Here is a reason to treat TL curves like an emergency if L3 can be spared.

Loss in Spinal Motion from Inclusion of a Single Mid-Lumbar Level in Posterior Spinal Fusion for Adolescent Idiopathic Scoliosis

Lee, Mark C.; ’unpuu, Sylvia; Solomito, Matthew; Smith, Brian G.; Thomson, Jeffrey D.

Spine., POST ACCEPTANCE, 18 July 2013


Study Design. Prospective

Objective. Evaluate the impact of the distal fusion level on overall spine motion in patients with adolescent idiopathic scoliosis (AIS).

Summary of Background Data. In the surgical treatment of AIS, the impact of incorporating a single additional distal lumbar fusion level on residual spinal motion is unclear. This study utilizes radiographs and computerized motion capture technology to determine if the addition of a single lumbar level in a posterior fusion construct produces a detectable alteration in spinal motion.

Methods. 23 patients with AIS were evaluated with standing radiographs and computerized motion analysis preoperatively and one year after fusion. Patients were divided into 2 groups: L1/L2 group (distal fusion ended at L1/L2) and an L3 group (distal fusion ended at L3). Cobb angle, coronal vertical alignment, sagittal vertical alignment, thoracic kyphosis and lumbar lordosis were measured from radiographs. Three dimensional motion data were obtained for static standing and repeated bending or twisting motions. Statistical analysis was performed with Student t-test, ANOVA and Fisher Exact methods.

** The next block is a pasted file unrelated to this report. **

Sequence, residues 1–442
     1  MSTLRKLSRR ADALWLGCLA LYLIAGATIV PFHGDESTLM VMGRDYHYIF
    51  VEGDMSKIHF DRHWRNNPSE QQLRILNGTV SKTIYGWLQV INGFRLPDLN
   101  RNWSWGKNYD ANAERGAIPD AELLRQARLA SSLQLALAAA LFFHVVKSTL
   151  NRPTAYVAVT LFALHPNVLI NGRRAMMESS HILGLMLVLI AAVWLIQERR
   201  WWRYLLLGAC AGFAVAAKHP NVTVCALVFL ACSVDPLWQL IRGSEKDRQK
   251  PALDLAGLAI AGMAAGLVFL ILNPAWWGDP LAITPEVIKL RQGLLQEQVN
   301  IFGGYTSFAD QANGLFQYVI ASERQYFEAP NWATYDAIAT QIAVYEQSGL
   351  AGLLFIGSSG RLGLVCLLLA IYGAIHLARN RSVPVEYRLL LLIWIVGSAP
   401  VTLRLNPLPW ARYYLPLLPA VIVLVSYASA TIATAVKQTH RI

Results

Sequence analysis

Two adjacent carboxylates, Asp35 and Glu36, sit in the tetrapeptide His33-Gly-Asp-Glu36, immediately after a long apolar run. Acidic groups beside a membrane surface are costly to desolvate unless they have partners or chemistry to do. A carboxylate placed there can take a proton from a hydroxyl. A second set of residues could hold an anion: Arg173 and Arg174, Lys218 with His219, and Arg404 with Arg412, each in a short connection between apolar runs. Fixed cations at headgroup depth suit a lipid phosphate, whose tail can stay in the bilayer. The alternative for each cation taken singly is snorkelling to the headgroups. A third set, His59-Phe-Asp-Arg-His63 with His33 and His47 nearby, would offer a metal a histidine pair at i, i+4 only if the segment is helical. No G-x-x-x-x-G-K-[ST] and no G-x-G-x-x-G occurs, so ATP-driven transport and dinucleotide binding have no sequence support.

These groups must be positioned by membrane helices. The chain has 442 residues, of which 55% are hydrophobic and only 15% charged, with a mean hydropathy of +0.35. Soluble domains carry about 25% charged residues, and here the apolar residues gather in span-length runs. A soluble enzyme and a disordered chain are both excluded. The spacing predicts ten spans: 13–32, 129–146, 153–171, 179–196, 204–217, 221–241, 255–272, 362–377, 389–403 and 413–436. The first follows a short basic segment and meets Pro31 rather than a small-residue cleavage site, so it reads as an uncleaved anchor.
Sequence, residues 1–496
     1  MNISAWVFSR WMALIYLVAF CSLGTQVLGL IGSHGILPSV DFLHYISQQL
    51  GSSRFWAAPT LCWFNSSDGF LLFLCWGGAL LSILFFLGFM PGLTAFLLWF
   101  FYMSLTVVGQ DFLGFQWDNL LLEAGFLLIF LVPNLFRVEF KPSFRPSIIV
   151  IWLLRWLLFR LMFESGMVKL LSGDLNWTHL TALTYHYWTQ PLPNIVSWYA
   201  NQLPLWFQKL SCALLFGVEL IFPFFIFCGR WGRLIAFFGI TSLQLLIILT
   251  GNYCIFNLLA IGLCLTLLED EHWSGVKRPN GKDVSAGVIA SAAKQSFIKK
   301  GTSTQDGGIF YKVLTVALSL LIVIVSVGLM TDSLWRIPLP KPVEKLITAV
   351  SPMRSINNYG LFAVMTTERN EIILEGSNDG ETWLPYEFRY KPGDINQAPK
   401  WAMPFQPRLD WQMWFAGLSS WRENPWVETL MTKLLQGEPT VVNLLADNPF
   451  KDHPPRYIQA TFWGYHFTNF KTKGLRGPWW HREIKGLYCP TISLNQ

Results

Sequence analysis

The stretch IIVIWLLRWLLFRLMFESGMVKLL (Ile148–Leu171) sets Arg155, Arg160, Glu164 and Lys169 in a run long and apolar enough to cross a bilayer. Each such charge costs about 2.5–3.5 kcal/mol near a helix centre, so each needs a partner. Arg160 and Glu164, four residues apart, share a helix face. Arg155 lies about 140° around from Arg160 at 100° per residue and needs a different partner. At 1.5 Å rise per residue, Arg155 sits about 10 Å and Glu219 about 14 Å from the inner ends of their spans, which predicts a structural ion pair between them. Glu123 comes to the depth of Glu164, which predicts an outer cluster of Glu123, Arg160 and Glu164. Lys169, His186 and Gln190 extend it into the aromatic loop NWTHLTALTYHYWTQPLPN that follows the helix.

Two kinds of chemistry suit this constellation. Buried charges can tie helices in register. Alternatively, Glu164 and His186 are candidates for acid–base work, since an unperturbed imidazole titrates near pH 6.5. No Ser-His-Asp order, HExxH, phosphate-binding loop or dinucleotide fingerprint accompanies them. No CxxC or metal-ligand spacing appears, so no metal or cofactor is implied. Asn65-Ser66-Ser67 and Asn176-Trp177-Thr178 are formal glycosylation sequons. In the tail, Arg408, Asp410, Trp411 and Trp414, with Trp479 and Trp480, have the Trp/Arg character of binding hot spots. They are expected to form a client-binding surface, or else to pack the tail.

Results. Both the L1/L2 and L3 groups demonstrated loss of spinal motion compared to preoperative values. The L1/L2 group showed a significant loss of rotational motion but no significant loss of motion in the sagittal and coronal planes. The L3 group demonstrated significant loss of motion in both the coronal plane and the rotational plane. When the two groups were compared, the L3 group showed a significant loss of coronal plane bending (18 +/- 10 degrees, p = 0.002).

Conclusion. Distal extension of a posterior spinal fusion construct to include L3 results in a significant decrease in spine motion in at least one plane. Preservation of a single lumbar segment may improve overall spine motion in the short-term and may have implications for the long-term health of the unfused spine.

(C) 2013 by Lippincott Williams & Wilkins